Prayer by Ole Hallsby

PrayerPrayer

by Ole Hallesby

Papberback, 176 pg.
1994 (originally 1931), Augsburg Fortress

Read: September 3 – 10, 2017


The section from Calvin’s Institutes on prayer is fantastic, Wistsius’ book is incredibly helpful, Luther’s little A Simple Way is pretty good, as is Matthew Henry’s Method, but none of them have been as much help as this little book by Norweign Lutheran Ole Hallesby (at least that’s my guess, I’ve had years to chew on those others, only a couple of weeks for Hallesby). I heard of the book briefly on an episode of Christ the Center this summer, and then they devoted an entire episode to it later — I was halfway through the book when that second episode was posted, thankfully, they didn’t say anything that spoiled the ending. If not for those podcast episodes, I probably would’ve gone my whole life without ever hearing of this book. That would’ve been a shame.

He doesn’t set out to write a comprehensive book on the subject, or a systematized theology of prayer, but to present “a few simple rules for the benefit of souls who are fainting at prayer.” It’s not much of a rule book, thankfully, as much as it wants to be — more like a collection of helpful suggestions.

Hallesby describes two things that make up the attitude of prayer — helplessness and faith. Faith that Jesus can and will answer our prayers and a realization that we are helpless and need him to even pray. What he writes about helplessness is worth the price of the book alone. I think it’s changed the way I pray already. I would quote a bit of it here — and I started to, but I wasn’t sure where I’d stop. So let me just encourage you to grab the book.

I also really appreciated his discussion of how we “think we must help God to fulfill our prayer,” by giving Him lists of suggestions for how to and times when He can answer us. Instead, we are to faithfully pour out our need to Him, and then trust that He will answer as He sees best. I’d really never thought of it in those terms but we really can end up trying to tell God the best way to go about helping us — which flies in the face of our admitted helplessness in a given situation.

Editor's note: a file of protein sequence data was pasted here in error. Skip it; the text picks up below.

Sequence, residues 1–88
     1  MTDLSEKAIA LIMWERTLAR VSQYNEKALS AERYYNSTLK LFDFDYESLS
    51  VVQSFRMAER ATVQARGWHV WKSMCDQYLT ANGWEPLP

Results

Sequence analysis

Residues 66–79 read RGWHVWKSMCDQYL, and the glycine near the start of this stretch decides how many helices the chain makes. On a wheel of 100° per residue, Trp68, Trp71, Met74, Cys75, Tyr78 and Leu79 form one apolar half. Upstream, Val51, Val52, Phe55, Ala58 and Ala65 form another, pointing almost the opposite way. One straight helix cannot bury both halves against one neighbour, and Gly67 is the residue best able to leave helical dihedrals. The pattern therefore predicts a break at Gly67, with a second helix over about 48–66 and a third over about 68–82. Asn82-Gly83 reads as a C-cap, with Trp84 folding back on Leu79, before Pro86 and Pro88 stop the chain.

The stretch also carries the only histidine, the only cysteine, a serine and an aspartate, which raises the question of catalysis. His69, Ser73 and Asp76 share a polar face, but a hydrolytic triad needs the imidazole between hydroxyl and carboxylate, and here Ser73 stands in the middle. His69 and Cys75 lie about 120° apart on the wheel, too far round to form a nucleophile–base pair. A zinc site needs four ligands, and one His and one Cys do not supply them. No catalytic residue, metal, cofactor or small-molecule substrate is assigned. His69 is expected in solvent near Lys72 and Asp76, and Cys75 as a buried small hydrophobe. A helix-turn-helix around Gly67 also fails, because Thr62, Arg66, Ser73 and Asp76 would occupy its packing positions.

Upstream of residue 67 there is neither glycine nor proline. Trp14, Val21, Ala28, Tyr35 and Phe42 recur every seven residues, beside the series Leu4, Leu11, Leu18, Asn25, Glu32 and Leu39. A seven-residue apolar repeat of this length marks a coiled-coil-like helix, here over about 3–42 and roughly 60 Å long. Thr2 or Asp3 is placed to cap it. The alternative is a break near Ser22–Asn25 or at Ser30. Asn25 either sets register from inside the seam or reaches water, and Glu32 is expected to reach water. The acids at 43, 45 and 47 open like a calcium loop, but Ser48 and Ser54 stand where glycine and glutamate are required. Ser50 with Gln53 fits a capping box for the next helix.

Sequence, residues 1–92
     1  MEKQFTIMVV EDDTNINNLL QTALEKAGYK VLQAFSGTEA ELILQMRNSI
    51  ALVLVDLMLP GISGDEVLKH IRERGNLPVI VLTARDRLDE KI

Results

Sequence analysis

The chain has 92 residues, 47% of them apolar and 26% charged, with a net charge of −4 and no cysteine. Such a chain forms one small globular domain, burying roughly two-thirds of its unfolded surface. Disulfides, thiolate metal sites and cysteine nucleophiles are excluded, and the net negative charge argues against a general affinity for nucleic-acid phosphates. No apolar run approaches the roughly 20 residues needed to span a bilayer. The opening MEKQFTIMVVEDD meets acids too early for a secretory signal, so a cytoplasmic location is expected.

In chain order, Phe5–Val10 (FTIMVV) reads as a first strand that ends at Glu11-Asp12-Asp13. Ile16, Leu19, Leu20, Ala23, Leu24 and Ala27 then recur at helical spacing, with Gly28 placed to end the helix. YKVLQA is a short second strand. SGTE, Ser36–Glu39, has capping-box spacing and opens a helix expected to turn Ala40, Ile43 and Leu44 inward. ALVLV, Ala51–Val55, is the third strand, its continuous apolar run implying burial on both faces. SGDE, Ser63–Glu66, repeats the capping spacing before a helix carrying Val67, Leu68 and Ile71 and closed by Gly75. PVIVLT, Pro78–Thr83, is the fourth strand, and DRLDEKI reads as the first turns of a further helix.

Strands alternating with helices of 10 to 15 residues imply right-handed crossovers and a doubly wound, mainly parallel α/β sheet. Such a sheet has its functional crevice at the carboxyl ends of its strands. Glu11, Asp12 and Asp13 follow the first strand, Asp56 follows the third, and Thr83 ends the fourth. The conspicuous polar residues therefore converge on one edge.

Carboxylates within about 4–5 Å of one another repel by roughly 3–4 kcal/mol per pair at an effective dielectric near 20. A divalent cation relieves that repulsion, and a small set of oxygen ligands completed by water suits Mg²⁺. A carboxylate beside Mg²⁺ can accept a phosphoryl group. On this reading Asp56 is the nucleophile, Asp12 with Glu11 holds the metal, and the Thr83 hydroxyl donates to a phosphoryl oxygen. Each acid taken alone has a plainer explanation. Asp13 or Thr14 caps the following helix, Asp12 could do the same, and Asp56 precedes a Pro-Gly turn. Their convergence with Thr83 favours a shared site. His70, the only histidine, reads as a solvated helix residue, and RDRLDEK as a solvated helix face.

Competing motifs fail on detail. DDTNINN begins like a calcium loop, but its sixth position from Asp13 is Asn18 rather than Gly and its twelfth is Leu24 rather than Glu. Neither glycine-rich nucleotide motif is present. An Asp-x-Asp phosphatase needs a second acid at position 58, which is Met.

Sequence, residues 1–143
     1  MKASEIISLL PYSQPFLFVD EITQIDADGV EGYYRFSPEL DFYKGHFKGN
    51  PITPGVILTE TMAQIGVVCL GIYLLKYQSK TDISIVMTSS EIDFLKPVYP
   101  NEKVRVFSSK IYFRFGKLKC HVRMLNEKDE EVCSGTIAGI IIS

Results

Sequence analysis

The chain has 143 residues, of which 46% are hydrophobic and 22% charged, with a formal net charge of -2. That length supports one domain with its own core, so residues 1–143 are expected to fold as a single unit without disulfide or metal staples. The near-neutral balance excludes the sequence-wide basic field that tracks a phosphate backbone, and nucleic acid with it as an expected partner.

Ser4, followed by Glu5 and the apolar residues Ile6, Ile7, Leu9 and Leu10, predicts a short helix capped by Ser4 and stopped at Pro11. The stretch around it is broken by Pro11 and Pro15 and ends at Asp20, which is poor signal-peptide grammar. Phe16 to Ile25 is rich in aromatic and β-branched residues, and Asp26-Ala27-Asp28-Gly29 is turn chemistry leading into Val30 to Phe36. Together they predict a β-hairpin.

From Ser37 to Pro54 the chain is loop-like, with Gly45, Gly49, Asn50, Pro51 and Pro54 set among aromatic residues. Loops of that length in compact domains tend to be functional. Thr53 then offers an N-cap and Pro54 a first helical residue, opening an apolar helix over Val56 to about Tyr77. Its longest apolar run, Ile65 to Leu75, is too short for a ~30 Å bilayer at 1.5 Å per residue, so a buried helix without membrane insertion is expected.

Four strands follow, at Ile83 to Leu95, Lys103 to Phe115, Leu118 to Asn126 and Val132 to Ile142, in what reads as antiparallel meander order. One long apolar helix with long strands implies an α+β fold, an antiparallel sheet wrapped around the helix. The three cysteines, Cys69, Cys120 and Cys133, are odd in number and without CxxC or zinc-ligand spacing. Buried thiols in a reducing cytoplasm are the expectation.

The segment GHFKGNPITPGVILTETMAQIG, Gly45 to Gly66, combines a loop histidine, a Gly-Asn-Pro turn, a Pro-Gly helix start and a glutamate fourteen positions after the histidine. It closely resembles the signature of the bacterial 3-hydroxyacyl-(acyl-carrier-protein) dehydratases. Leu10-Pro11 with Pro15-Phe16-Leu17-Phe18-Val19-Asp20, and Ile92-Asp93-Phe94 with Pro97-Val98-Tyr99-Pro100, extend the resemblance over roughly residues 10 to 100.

Hallesby covers the work of prayer, the struggles we may have in it, some suggestions for how to learn to pray better, as well as giving some answers to common questions about prayer (that seem to be the same questions I hear others having almost 100 years after this book was written, probably questions believers had 100 years before that, too). Throughout the book, you get a strong sense of a pastoral heart behind the words and advice, which makes it all much easier to heed.

It’s not a perfect book by any means — most of my problems have to do with the fact that I’m not a Lutheran, nor a Pietist. So, anything that leans too heavily on those traditions/characteristics are obviously going to at least raise my eyebrows, but on the whole those aspects of the book are quibbles. For example, his definition of prayer involves letting God help us, or his aversion to pre-written prayers (that one has many allies in my own tradition, so it is more of a note than anything). More substantial concerns are his utter lack of reference to — much less use of — the Psalms or the Lord’s Prayer. A book on prayer that doesn’t even touch on those is mind-boggling. None of these concerns or quibbles detract too much from the book — and they’re certainly outweighed by the help the book gives.

Pound-for-pound, the best book on the subject I’ve read. Easy to read, encouraging, convicting and insightful. Highly recommended.

—–

4 Stars

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